Week ahead

Mark D'Arcy
Parliamentary correspondent


For once the week's biggest excitement arrives on Friday - with James Wharton's private members bill to hold an EU membership referendum in 2017.

Otherwise both Houses have a week of worthiness and detailed legislating that seems to offer little in the way of thrills and spills. Here's my rundown of the main events.


The Commons meets at 2.30pm for Work and Pensions questions. If there are no ministerial statements or urgent questions they will then move on to the day's big event - the report stage of the Finance Bill, the measure which enacts the tax changes made in the Budget.

As well as the usual flotillas of technical changes made by the Chancellor himself, there's a new clause down from former minister turned backbench rebel, Tim Loughton. This would require the next budget to deliver the Conservative promise that married couples should be able to transfer their tax allowances to each other, or at least require some progress towards that goal. The idea seems to be to get a system in place to deliver some transferability - however limited - before the 2015 election.

I've seen the "Dear Colleague" letter he circulated to Conservative MPs, which includes this comment: "I am pleased that the Minister, David Gauke, has written to colleagues to reaffirm the Government's commitment to this measure which also formed part of the Coalition Agreement. However, many colleagues remain disappointed that the mantra of 'in due course' is wearing increasingly thin with no indication of when the tax relief will come into force even if the actual enabling legislation is passed this side of the Election."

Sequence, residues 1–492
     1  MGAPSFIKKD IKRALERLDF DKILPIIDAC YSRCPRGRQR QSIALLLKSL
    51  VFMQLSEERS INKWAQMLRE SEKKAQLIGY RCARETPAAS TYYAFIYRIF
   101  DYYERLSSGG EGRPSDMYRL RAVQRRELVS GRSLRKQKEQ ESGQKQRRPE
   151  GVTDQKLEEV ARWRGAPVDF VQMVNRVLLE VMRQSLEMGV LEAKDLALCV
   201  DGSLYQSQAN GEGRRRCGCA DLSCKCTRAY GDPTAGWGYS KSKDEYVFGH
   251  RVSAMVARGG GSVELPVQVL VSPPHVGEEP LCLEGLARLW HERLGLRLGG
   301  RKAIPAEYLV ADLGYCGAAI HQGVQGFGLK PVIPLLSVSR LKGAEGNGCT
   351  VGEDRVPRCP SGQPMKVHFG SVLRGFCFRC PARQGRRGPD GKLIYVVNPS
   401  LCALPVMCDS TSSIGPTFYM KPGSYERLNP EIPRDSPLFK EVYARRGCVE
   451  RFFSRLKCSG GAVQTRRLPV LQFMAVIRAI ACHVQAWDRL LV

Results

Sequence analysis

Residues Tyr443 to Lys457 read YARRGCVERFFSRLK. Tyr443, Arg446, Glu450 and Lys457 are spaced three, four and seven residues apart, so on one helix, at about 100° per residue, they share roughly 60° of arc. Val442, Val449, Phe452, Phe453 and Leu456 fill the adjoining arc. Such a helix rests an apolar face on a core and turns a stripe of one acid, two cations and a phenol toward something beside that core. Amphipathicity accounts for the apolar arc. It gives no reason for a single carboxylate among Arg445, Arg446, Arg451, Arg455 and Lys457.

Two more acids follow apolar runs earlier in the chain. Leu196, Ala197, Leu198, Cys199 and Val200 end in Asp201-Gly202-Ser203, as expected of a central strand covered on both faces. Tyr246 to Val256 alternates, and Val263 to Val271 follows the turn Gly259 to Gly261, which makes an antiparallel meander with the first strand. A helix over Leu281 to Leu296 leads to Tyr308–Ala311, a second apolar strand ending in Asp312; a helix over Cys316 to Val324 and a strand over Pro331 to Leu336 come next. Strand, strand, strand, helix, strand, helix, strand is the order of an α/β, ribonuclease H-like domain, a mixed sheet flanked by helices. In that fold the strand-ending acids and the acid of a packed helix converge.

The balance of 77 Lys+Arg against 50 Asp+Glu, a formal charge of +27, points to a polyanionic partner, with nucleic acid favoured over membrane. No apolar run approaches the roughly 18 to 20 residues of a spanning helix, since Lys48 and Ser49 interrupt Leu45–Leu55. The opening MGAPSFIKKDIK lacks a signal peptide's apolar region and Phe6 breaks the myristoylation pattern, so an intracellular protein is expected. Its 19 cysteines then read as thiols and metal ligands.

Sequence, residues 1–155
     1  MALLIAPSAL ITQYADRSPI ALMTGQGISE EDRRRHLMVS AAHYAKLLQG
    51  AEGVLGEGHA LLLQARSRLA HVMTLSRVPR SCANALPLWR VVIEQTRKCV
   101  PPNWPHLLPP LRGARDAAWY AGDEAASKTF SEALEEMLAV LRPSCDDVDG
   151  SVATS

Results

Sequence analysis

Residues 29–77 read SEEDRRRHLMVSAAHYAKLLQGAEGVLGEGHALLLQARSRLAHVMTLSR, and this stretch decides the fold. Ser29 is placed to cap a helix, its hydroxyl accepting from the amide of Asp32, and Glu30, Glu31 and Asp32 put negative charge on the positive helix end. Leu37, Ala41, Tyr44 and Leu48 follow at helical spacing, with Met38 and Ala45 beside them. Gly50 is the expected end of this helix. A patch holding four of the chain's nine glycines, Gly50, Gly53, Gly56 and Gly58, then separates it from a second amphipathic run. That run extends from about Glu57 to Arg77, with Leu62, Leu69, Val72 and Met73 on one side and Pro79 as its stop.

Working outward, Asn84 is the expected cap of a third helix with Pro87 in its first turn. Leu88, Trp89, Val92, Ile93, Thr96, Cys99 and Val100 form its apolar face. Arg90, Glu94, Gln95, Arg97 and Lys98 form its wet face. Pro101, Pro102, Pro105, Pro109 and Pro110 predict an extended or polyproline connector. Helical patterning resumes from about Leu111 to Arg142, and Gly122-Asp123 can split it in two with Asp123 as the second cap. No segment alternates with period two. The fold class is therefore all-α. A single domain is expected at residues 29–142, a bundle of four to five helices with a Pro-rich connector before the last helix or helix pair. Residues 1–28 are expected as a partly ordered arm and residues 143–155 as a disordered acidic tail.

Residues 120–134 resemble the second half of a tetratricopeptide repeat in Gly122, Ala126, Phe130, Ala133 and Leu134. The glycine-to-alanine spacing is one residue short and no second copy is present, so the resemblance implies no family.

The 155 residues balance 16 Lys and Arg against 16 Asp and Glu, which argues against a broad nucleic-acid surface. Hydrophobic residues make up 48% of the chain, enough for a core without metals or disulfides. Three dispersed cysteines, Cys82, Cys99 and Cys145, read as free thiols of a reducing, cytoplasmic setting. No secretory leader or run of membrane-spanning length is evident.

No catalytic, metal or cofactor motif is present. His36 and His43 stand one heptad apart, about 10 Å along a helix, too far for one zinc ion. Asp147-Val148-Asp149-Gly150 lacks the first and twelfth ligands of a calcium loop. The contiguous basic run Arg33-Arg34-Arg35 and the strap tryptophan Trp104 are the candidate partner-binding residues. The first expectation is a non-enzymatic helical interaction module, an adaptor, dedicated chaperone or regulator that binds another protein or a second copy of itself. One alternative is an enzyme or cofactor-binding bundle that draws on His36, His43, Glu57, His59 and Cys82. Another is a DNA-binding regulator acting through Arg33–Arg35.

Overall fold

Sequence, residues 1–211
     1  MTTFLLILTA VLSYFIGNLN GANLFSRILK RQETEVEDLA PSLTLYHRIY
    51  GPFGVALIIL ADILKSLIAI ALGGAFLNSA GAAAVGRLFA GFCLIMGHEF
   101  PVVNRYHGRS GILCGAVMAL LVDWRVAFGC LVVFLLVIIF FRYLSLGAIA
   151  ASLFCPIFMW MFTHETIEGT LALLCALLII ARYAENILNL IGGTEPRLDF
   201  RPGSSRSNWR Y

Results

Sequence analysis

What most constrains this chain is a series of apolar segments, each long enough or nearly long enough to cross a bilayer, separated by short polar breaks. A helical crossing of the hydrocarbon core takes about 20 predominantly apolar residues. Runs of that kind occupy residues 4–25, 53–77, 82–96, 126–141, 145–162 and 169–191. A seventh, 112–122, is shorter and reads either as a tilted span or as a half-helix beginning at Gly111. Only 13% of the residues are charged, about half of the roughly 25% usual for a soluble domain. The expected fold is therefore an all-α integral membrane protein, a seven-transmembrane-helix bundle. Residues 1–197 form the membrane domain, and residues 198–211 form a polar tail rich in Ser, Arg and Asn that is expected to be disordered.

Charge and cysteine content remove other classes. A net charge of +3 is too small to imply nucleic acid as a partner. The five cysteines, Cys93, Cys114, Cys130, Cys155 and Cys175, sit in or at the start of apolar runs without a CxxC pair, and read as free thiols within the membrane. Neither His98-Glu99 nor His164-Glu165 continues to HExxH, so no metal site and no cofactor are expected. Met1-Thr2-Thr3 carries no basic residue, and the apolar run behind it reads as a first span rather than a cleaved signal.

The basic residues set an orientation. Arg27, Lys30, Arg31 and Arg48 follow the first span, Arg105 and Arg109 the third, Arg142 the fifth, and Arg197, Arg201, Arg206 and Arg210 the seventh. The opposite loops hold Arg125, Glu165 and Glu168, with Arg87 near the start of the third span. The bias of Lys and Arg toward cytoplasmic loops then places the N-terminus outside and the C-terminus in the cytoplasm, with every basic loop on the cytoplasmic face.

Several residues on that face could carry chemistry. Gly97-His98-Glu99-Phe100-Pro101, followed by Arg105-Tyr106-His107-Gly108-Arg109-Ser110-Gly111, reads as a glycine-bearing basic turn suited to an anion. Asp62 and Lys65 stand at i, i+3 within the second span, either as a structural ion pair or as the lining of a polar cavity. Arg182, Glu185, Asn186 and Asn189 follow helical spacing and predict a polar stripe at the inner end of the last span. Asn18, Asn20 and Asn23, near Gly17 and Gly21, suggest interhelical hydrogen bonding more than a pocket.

The amendment has heavyweight backbench support, in the form of 1922 Committee Chairman, Graham Brady, and other prominent figures like James Gray, Nick de Bois and Philip Hollobone. It is unclear whether it will be pushed to a vote, because even strong internal critics of the government might balk at amending a Finance Bill for fear they might attract underwhelming support. But Mr Loughton will certainly be hoping to extract stronger assurances than have so far been given by Treasury Minister David Gauke.

In the Lords (from 2.30pm) ministers will field questions on the Leveson Report and the prime minister's contacts with editors, owners or senior executives of newspapers, and on when the government will announce its decision on opting out of EU Justice and Home Affairs co-operation.